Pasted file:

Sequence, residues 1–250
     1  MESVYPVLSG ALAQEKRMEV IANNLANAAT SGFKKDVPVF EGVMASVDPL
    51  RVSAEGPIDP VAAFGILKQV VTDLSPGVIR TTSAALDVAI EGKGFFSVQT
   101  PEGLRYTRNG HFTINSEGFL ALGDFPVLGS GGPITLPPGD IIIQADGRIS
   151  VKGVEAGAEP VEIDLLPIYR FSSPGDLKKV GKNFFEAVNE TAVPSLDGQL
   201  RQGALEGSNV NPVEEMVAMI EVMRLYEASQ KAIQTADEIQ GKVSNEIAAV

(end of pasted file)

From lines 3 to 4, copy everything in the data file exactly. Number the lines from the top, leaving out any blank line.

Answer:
    51  RVSAEGPIDP VAAFGILKQV VTDLSPGVIR TTSAALDVAI EGKGFFSVQT
   101  PEGLRYTRNG HFTINSEGFL ALGDFPVLGS GGPITLPPGD IIIQADGRIS